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        • Biggus Dickus

          So the interceptions dropped by the Louisville DBs were “luck?” Hitting the ball carrier so hard he coughs up the ball is “luck” also, eh? I guess winning games is ‘luck,” too. Kentucky has been awfully unlucky ever since Bear Bryant left.

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          • Biggus Rickus

            Yes, winning football games is luck. That’s the logical end of the argument that luck plays a role in turnovers. Jesus.

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      • Macallanlover

        True to an extent Brandon, but the luck of the bounce can make the ball comes back to you, go out of bounds, or go to your player rather than yours….even if you fumbled it. I don’t minimize better ball security, and defensive technique/positioning but you will always have an element of luck. And you see it every week.

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  3. Not saying coaching plays no role at all, but look at the discrepancy between us and Bama from this past year. I do think the Tide has lost a bit of their luster, but with THAT MUCH of a discrepancy, makes me think luck is more at play than coaching. That oblong ball bounces in crazy ways.

    Now if we look at things like raw number of passes defensed, I think coaching has more of an impact on those numbers than the percentage that turn into interceptions.

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    • Cojones

      ‘ll never forget Jones knocking the ball forward before the gator player crossed the goal line – and right to a UGA player in the end zone for recovery. There were a number of plays/fumbles like that.

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  4. Rick

    I think bill makes a good case for his metric being 100% luck. By looking only at passes defended and balls on the ground, he is controlling for any differences in scheme that might be causing more of those.

    UGA had an unlucky season overall because all but one of the losses were so close. But when it comes to TOs specifically, they were very fortunate.

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  5. DawgFaithful

    Yeah. That luck thing is bullshit. I’m not sure if it even exists. Momentum is real but not sure about luck. If you have premium talent and you play sound defense, you’ll get turnovers. It comes down to coaching too. You have to teach them to force turnovers. What coach doesn’t do that though? Sometimes there’s what appears to be luck. Sometimes the QB makes a stupid throw but most of the time turnovers are forced by good defense.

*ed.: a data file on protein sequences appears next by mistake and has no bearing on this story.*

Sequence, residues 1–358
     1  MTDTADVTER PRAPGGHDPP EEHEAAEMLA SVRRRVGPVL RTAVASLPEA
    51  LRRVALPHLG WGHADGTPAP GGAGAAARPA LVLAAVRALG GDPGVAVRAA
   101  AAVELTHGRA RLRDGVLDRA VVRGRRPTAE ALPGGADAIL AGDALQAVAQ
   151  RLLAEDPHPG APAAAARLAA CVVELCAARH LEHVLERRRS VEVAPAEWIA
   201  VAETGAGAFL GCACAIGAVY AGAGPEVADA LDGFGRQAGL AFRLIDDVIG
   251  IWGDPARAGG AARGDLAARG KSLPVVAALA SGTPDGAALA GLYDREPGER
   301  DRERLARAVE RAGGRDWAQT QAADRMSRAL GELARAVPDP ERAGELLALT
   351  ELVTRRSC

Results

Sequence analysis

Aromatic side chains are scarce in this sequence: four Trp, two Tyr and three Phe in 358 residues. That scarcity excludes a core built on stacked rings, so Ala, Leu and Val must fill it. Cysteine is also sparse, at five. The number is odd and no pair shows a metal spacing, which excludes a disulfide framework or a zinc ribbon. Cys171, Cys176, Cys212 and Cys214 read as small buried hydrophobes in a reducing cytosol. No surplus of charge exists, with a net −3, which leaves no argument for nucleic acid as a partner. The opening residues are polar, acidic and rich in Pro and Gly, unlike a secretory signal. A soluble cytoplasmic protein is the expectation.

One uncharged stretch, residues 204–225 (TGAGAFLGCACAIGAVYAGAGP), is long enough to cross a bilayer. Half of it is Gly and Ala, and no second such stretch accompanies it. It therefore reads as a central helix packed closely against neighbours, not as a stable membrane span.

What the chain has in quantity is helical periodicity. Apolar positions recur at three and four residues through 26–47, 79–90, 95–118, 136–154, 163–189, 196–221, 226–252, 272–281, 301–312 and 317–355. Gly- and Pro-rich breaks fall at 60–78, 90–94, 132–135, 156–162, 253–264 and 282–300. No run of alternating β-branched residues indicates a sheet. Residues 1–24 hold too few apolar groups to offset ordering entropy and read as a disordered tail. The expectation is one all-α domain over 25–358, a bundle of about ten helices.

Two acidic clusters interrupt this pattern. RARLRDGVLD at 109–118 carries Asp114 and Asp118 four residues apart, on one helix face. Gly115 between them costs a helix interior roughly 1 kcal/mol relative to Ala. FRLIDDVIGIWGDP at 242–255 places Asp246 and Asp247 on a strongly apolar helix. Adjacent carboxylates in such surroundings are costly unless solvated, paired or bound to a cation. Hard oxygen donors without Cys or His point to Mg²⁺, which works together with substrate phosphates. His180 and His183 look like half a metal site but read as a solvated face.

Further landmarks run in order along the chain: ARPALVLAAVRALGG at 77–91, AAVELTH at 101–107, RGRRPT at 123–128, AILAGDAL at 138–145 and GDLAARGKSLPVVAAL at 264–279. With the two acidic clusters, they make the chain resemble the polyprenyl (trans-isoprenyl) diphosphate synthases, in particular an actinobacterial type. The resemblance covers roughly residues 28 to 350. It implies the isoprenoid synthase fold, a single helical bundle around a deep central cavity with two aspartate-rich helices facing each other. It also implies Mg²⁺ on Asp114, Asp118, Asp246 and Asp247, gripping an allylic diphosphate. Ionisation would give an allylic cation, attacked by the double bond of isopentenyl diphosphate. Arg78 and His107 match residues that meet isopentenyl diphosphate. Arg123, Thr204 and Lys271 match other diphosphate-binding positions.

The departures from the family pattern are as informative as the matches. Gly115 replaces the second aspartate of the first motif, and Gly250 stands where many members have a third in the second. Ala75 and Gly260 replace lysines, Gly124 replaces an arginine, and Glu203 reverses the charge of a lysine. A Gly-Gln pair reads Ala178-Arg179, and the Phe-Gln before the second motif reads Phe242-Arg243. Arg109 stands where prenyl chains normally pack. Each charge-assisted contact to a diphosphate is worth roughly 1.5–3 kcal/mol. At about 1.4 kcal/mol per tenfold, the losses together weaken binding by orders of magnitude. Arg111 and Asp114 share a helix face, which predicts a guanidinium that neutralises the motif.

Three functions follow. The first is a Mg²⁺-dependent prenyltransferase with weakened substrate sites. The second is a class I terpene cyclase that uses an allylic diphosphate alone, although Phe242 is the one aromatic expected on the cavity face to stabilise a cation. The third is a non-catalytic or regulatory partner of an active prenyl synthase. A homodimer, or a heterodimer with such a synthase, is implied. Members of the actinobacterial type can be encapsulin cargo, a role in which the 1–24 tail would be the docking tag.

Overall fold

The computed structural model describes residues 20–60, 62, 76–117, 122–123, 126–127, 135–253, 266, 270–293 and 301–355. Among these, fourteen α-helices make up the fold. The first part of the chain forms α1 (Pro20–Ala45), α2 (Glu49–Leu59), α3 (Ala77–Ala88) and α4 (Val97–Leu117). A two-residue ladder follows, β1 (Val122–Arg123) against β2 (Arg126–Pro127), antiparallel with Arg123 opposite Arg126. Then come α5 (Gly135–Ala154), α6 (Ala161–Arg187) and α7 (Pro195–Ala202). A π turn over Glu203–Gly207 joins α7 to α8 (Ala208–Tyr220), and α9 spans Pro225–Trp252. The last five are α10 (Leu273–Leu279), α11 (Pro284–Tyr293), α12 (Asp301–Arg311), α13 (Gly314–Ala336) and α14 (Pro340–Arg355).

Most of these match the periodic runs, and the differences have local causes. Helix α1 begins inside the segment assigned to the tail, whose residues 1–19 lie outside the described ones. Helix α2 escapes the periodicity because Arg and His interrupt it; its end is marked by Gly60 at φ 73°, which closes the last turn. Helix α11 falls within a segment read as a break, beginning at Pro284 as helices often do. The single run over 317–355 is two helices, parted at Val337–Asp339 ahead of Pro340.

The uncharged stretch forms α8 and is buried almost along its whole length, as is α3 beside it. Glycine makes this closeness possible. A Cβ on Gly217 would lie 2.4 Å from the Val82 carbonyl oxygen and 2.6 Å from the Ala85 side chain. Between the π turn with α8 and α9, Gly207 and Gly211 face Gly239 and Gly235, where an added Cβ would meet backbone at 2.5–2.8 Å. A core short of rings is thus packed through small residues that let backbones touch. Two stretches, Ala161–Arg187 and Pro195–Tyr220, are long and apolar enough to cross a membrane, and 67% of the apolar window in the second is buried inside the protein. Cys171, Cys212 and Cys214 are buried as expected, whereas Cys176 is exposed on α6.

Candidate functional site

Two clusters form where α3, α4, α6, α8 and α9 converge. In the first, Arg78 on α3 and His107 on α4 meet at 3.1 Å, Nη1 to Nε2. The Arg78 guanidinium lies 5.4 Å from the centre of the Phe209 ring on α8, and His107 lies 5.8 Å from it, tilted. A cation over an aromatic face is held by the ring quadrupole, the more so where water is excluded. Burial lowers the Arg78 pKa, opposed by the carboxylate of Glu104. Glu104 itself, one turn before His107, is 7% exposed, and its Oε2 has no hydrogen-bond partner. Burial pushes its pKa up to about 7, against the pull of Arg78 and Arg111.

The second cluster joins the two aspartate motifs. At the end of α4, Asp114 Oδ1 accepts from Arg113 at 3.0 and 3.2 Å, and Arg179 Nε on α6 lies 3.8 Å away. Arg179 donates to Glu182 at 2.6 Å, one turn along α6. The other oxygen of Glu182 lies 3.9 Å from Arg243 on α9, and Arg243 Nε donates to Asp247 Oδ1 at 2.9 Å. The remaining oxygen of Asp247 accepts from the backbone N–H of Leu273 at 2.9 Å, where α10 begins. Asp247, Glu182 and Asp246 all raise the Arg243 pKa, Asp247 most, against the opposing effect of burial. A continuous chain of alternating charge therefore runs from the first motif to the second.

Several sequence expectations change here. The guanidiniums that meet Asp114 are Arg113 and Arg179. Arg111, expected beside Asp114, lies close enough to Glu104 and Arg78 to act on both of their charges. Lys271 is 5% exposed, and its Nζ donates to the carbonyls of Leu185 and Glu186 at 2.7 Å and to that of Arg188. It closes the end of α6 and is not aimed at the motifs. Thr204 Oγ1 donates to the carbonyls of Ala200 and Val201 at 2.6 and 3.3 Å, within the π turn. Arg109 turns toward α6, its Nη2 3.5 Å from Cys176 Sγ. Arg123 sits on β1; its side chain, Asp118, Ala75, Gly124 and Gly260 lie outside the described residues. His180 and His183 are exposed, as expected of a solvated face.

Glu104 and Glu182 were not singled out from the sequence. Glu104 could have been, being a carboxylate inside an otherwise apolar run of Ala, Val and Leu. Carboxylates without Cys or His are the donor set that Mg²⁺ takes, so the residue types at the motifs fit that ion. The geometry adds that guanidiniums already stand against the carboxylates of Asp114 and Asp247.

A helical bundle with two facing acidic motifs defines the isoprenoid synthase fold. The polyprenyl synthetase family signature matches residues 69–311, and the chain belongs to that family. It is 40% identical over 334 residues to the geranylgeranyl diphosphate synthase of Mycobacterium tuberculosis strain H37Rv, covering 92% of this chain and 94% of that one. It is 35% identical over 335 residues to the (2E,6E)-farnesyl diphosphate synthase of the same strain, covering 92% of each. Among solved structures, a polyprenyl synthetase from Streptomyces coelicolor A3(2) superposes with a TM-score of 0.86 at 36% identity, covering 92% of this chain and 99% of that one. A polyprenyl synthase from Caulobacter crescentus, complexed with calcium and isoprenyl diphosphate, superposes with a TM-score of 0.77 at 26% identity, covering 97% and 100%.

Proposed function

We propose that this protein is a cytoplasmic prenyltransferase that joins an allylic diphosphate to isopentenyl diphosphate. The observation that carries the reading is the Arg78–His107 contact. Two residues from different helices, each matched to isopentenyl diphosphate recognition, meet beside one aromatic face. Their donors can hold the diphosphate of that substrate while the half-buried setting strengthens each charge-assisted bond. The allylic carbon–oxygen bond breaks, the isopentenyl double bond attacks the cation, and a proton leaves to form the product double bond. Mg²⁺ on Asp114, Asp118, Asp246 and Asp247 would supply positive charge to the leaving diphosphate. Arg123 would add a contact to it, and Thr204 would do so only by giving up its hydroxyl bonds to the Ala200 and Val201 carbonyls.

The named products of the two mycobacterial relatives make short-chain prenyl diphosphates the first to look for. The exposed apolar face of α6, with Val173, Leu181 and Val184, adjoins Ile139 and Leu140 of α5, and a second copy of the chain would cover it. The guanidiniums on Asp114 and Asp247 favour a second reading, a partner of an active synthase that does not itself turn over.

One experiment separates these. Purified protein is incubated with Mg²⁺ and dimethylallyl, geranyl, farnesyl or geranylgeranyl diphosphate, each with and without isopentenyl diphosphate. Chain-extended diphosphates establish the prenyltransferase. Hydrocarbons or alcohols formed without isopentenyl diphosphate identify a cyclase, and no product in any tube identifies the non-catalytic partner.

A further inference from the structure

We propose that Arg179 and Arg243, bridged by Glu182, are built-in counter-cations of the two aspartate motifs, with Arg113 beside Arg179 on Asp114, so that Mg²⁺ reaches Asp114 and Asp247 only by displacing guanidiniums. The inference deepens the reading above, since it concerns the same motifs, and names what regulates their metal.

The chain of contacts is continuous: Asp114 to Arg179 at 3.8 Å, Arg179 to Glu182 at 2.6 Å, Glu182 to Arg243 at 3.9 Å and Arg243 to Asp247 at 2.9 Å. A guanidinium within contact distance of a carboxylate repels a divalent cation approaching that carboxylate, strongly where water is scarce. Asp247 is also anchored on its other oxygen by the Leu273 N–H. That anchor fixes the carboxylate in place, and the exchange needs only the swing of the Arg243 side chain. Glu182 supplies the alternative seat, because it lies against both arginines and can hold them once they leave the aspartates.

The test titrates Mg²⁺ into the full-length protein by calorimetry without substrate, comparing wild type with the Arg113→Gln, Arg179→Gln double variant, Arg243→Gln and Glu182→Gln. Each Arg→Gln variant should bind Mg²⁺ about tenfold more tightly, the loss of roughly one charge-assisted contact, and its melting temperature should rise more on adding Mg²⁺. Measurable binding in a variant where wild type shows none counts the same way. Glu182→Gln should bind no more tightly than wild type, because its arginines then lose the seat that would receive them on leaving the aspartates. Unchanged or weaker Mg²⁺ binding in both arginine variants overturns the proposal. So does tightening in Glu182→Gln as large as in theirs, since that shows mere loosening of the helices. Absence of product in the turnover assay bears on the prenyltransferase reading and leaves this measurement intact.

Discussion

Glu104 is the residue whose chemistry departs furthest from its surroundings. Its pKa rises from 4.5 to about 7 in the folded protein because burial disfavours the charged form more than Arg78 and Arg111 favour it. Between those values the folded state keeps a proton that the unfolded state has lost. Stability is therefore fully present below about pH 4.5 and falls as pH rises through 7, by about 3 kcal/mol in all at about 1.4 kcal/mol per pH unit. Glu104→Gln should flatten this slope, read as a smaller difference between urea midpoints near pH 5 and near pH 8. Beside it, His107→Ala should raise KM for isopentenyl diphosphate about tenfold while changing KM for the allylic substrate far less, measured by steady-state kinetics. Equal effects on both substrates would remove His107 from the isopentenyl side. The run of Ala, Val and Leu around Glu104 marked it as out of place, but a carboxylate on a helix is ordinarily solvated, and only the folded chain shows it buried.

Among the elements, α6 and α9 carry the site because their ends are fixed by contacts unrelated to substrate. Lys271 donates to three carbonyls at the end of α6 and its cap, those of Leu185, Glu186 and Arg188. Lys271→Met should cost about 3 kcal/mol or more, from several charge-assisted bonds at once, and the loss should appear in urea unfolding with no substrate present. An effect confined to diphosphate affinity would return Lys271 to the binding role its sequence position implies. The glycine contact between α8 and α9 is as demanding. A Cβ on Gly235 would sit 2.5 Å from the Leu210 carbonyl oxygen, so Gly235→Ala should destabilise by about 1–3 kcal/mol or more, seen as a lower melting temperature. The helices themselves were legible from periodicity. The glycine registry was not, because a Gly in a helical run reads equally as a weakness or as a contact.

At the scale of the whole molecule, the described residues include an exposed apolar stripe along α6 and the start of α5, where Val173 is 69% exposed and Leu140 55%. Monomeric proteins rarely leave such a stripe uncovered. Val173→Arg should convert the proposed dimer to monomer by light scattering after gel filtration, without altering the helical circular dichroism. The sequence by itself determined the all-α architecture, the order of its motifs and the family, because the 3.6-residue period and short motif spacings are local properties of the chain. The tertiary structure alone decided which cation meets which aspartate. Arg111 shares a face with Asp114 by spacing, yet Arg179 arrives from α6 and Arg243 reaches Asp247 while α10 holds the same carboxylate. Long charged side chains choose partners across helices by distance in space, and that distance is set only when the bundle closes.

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    • Forcing turnovers, yes. But fumble recovery is somewhat random, depending on where it happens (best chance of successful recovery comes behind line of scrimmage).

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      • Cojones

        That was shown statistically to be true from an article you posted last year. You may need to put it up again.

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      • Mayor

        You make a good point about the “where” a fumble occurs, Senator. If the QB has dropped back to pass, gets hit and fumbles, likely the D will recover because the rushers are next to him when the ball comes out. Same with a receiver catching a pass then fumbling–he’ll be surrounded by DBs so the D will likely recover. These are not lucky recoveries. They are recoveries that you would expect to happen because of circumstance. This is why ball security is so important.

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    • D.N. Nation

      A few year ago, a Saint Saban-led Alabama team was around last in the nation in fumble recovery.

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  6. Daniel Simpson Day

    Turnover Luck is inversely proportional to Pre-snap Hand Waving.

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    • Cojones

      Those are on-field stretching exercises. Or signals to the opposing QB which mean “Throw it this way. I don’t know what I’m doing because I didn’t get the communication”.